I’ve been having the most difficult time putting my words down here. It can’t be because I’m afraid I’ll get it wrong. It’s my story, my life. How wrong could I get it?
It seems that my most effective/popular blog posts have been when there is a specific list to help change something in one’s life. Hey, who doesn’t like lists, right?
Six Simple Steps to Take Back Control
1. Question everything, and don’t be afraid of your doctor. When we lose or think we lose control of our lives, it’s not always with a crash and broken bones. It’s sometimes pretty subtle. For me, it starts with my doctor says that I need Prozac because I am in a major depression. I’m 27 years old at the time. I can say no, but he’s a doctor. If I didn’t need a pill, surely he wouldn’t suggest it? What I learned years later, something most of you probably know but I will share anyway, is this: doctors have to dx something in your chart in order for the insurance to pay. It’s not as important as Monty Python’s The Meaning of Life, but for some reason it scared me when he said that. So, being a little shell-shocked, I would have agreed to anything short of a lobotomy. Here’s the thing. Our doctors stumble in the darkness too. They aren’t perfect. Don’t be afraid. Honestly, I still get fearful, and have to tell myself over and over before an appointment: “He may have more medical knowledge, but I know myself better.”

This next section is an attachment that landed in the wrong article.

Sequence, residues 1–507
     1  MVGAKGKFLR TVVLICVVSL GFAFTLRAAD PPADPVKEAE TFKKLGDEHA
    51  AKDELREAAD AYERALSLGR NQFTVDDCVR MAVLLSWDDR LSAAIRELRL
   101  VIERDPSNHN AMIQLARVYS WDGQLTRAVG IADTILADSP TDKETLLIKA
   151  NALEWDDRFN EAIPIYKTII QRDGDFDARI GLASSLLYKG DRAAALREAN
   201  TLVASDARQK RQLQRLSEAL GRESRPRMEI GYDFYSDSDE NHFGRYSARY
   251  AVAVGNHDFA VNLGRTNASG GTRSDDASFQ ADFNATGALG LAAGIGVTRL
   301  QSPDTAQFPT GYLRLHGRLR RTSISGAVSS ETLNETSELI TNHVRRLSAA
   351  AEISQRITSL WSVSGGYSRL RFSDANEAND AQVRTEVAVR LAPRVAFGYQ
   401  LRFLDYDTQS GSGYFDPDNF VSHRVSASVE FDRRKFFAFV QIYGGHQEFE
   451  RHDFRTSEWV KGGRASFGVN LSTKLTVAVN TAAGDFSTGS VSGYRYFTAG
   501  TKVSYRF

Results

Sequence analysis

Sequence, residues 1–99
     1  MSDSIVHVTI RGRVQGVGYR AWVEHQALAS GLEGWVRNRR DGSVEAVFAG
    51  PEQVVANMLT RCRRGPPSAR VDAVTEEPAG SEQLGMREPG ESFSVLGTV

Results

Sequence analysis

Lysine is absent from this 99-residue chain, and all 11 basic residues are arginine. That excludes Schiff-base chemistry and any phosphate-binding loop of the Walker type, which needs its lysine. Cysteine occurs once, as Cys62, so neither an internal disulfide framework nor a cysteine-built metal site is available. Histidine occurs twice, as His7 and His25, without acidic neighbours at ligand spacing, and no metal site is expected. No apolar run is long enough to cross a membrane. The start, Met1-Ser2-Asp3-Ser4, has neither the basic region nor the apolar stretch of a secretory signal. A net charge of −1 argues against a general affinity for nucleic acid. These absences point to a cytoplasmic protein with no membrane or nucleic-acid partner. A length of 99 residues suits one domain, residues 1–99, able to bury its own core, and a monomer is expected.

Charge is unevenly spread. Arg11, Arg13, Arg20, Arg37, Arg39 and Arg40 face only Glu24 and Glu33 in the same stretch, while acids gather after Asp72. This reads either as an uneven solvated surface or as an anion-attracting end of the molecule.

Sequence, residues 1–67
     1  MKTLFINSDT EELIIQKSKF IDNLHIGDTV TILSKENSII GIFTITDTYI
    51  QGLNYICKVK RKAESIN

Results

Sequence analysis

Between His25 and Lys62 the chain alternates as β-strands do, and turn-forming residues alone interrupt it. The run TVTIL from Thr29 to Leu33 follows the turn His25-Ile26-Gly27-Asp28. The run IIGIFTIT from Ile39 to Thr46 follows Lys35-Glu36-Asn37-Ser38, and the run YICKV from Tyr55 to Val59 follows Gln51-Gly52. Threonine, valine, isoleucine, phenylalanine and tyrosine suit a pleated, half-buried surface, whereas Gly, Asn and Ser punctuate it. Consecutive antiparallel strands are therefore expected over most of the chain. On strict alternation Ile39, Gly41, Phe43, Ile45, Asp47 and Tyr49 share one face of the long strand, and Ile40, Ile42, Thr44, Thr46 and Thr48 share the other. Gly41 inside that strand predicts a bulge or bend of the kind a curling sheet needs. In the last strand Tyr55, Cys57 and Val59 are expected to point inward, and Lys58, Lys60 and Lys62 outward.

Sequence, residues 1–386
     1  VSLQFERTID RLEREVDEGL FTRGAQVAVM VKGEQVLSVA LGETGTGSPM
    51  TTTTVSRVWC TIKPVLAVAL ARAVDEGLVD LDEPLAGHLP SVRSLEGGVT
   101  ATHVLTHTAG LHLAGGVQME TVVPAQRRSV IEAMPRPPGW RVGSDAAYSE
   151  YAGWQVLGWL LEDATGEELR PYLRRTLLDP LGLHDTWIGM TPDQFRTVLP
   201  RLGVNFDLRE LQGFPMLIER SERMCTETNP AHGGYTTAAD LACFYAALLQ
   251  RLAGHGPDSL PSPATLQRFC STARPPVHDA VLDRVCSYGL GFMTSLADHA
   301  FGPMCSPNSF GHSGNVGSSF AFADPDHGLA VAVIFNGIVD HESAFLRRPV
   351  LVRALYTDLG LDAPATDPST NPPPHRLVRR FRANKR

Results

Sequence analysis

2. Trust your instincts. I have been on psychiatric medications for over 30 years, and I’ve written before about trusting our instincts, especially with health concerns. I think I wasn’t absorbing for me what this actually meant. It means knowing how my body feels on drugs, identifying side effects you are absolutely not willing to live with, and letting that be okay. I’ve had two different reactions to my objection to side effects which made me so light-headed and clumsy that I fell twice in six weeks, once spraining my wrist. “You have to weigh the cost of living with the side effects on one hand or living with the symptoms of your illness on the other.” That was my psychiatrist.
I’ve gone on and on. Important things to ponder. I’ll cover steps three and four tomorrow.